# What is the DRY way to get Theorem 1(a)?

I am typesetting a document with the memoir class and the cleveref package. Often I have a numbered theorem and enumerated parts. I would like to be able to refer to a part of a theorem as simply as possible.

Here is a MWE:

\documentclass{memoir}
\usepackage{amsthm}
\usepackage{cleveref}

\newtheorem{theorem}{Theorem}

\begin{document}
\begin{theorem}\label{thm}
My big theorem
\begin{enumerate}[(a)]
\item\label{thm!simple} Simple case
\item\label{thm!complex} Complex case
\end{enumerate}
\end{theorem}

\Cref{thm}\cref{thm!simple} % Theorem1item a

\Cref{thm}\ref{thm!simple}  % Theorem 1a
\Cref{thm}(\ref{thm!simple})% Theorem 1(a), but redundant coding

\end{document}


None of these is optimal. If I change the label format, I have to change every reference, which goes against the DRY mantra.

My best workaround so far is to redefine the reference format, as in:

\begin{theorem}\label{thm2}
My second big theorem
\begin{enumerate}[(a)]
\crefformat{enumi}{#2(#1)#3}
\item\label{thm2!simple} Simple case
\item\label{thm2!complex} Complex case
\end{enumerate}
\end{theorem}

\Cref{thm2}\cref{thm2!simple} % Theorem2(a)


Then if I want to change the label format I still have to change it in two places, but at least they are next to each other.

I guess the next level hack would be to look into how memoir extends enumerate and have it update \crefformat at the same time. But before I got my hands dirty I thought I would ask the hive.

• You could use enumitem. With \begin{enumerate}[label=(\alph*)] both \ref{thm!simple} and (after saying \crefformat{enumi}{#2#1#3} in the preamble) \cref{thm!simple} will give (a). – cgnieder Jul 26 '13 at 14:21
• I normally use enumitem, but since memoir duplicates the enumerate package I thought I was not able to use it here. Might work. – Matthew Leingang Jul 26 '13 at 14:32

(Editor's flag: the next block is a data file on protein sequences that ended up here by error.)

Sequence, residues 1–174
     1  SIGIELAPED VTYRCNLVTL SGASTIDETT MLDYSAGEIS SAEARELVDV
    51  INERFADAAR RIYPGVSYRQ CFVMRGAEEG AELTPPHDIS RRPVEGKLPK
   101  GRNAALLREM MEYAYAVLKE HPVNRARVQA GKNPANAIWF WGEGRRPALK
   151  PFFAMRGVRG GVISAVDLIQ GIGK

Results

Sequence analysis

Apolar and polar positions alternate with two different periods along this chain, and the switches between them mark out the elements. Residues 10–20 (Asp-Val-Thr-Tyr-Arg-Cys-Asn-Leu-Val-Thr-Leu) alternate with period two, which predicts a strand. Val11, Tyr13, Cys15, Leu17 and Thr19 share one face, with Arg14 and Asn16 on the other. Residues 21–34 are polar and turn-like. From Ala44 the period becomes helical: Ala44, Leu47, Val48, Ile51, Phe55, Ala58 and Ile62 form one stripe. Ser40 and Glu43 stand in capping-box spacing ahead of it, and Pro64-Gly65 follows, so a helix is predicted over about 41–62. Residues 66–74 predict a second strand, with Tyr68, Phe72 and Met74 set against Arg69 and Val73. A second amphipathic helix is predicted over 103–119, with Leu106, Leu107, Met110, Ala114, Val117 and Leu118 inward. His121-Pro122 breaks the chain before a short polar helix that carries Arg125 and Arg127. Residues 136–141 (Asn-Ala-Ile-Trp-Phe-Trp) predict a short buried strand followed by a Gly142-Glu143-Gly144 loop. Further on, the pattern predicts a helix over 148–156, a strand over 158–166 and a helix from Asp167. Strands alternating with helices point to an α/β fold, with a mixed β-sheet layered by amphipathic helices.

• As fas as I know enumitem does work with memoir. I'm not a memoir user, though... – cgnieder Jul 26 '13 at 14:41
• Do you always want the theorem number in front of the item letter? – egreg Jul 26 '13 at 15:13
• @egreg: No, not always. – Matthew Leingang Jul 26 '13 at 17:07

Define your own command for splitting the label.

\documentclass{memoir}
\usepackage{amsthm}
\usepackage{enumitem}
\usepackage{cleveref}

\newtheorem{theorem}{Theorem}
\newtheorem{lemma}[theorem]{Lemma}

\newenvironment{tenumerate}[1][]
{\enumerate[label=\textup(\alph*\textup),ref=(\alph*),#1]}
{\endenumerate}

\newcommand{\dref}[1]{\dodref\cref#1\relax}
\newcommand{\Dref}[1]{\dodref\Cref#1\relax}
\def\dodref#1#2!#3\relax{#1{#2}\ref{#2!#3}}

\begin{document}
First of all a lemma.
\begin{lemma}\label{lem}
Here it is:
\begin{tenumerate}
\item\label{lem!a} A
\item\label{lem!b} B
\end{tenumerate}
\end{lemma}

And a wonderful theorem follows.

\begin{theorem}\label{thm}
My big theorem:
\begin{tenumerate}
\item\label{thm!simple} Simple case
\item\label{thm!complex} Complex case
\end{tenumerate}
\end{theorem}

\Dref{thm!simple} and \dref{thm!complex}; we
can also use \ref{thm!simple} or \cref{thm!complex}.

The proof follows immediately from \Dref{lem!b}.

\end{document}